Supersonic air travel has been the darling of headline news for the better part of 18 months as the prospect of next-gen jets gains steam. Leading the charge is startup superstar Aerion, with its sights firmly set on a supersonic future. At least, that was the case prior to May 21, when the company abruptly issued a statement ceasing all operations, effective immediately. The news remains an enormous shock — and a significant setback for the supersonic future we envisioned.
Aerion’s departure from the industry?
Aerion’s closure signals the end of the AS2 jet, an event with heavy implications for aviation. Industry leaders had expressed confidence in Aerion’s product, with some submitting large orders and/or letters of intent (e.g., Flexjet, NetJets). Other public signs of faith in the AS2 came in the form of strong supplier relationships, such as the firm commitment from engine maker GE Aviation.
So, why did the company abruptly close its doors? The details remain shrouded in mystery. Publicly, Aerion has cited a lack of available financing as the primary cause of its sudden cessation, but the initial announcement is absent further explanation. With few concrete details — and so many signs pointing to a bright future for the AS2 — industry experts are puzzled.
Skies left wide open for the competition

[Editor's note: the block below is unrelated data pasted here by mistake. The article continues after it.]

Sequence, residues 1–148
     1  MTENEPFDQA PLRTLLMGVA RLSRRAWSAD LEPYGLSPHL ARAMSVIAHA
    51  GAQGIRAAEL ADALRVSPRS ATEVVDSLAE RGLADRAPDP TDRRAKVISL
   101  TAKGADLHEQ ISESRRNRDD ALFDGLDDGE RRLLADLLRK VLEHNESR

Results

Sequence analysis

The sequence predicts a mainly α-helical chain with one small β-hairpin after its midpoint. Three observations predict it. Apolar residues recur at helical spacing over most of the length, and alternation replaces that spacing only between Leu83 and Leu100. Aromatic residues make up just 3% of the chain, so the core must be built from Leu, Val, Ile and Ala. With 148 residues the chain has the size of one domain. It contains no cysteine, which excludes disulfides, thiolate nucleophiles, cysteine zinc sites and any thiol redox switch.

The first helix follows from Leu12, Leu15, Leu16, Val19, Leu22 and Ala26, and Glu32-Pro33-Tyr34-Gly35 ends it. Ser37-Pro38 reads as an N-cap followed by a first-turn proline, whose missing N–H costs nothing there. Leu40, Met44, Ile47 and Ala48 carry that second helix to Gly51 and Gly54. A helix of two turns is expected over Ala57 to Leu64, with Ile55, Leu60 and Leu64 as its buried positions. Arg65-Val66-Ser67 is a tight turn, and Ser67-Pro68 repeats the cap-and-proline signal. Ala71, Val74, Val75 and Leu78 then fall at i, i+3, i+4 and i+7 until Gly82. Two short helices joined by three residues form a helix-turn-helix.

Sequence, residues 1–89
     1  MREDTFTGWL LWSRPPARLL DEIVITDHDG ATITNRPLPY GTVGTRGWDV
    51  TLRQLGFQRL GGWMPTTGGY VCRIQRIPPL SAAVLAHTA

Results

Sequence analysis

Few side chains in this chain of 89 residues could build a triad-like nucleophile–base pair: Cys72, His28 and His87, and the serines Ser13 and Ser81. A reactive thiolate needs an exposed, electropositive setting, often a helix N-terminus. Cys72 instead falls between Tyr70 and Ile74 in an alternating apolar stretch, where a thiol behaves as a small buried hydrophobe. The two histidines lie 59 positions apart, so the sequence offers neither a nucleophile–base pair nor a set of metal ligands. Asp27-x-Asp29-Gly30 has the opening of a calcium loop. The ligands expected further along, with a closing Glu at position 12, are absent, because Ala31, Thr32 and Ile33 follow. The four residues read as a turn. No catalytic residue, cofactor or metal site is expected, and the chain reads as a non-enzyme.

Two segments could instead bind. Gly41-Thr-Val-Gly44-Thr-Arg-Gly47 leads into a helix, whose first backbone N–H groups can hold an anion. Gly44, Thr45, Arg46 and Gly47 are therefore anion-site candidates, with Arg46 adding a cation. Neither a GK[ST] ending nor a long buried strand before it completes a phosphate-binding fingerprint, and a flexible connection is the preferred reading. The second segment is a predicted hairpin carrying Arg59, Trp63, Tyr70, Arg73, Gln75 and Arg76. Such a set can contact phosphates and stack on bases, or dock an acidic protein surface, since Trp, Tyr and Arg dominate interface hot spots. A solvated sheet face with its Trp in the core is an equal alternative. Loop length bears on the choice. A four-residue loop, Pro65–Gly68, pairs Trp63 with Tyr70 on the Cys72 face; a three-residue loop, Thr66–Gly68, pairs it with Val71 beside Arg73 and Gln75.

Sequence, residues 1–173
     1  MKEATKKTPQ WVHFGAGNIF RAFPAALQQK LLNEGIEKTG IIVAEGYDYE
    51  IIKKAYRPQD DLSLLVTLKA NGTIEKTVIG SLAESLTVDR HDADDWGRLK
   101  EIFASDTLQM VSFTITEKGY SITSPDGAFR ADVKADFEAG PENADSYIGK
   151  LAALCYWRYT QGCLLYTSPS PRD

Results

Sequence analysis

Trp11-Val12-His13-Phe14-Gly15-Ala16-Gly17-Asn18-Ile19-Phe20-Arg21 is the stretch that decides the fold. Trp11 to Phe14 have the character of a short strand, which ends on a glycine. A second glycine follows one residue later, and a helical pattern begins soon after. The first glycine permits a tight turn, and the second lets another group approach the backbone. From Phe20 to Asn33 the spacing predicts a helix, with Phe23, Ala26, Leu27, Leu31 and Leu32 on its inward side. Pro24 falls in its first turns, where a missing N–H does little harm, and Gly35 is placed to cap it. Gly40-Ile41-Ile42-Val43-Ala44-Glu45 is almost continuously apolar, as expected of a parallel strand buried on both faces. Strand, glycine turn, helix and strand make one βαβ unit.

Aerion wasn’t the only company poised to bring supersonic travel back, but it was the favorite. For the industry, it defined the cutting edge. Its suspension of operations is a significant blow to supersonic progress, but there are others primed to step in, namely Spike Aerospace and Boom Supersonic.
Boom’s project shows particular promise. The company has a conceptual aircraft — the XB-1 — ready for its first flight. But whether either of these companies can fill the void left by Aerion, or garner its high-profile support, remains to be seen.
Rippling ramifications of a changing landscape
Aerion’s suppliers are also feeling the blow. GE Aviation, set to provide the AS2 with an engine to rival Rolls Royce, has suspended operations for its Affinity program.
Boeing held a stake in Aerion’s supersonic program as well, and the aviation giant has already announced their intent to continue Aerion’s work. How they intend to do so is still in question, but industry experts speculate that Aerion’s talent may move to Boeing and work in-house on a model similar to the AS2.
While details and speculation continue to leak over the next few months — or years — Aerion’s chapter in supersonic aviation appears at an end. And the AS2 may not lead the charge back to supersonic speeds, but its contribution to the future of next-gen aviation is significant.
One question remains: Which supersonic jet will be the first to take off?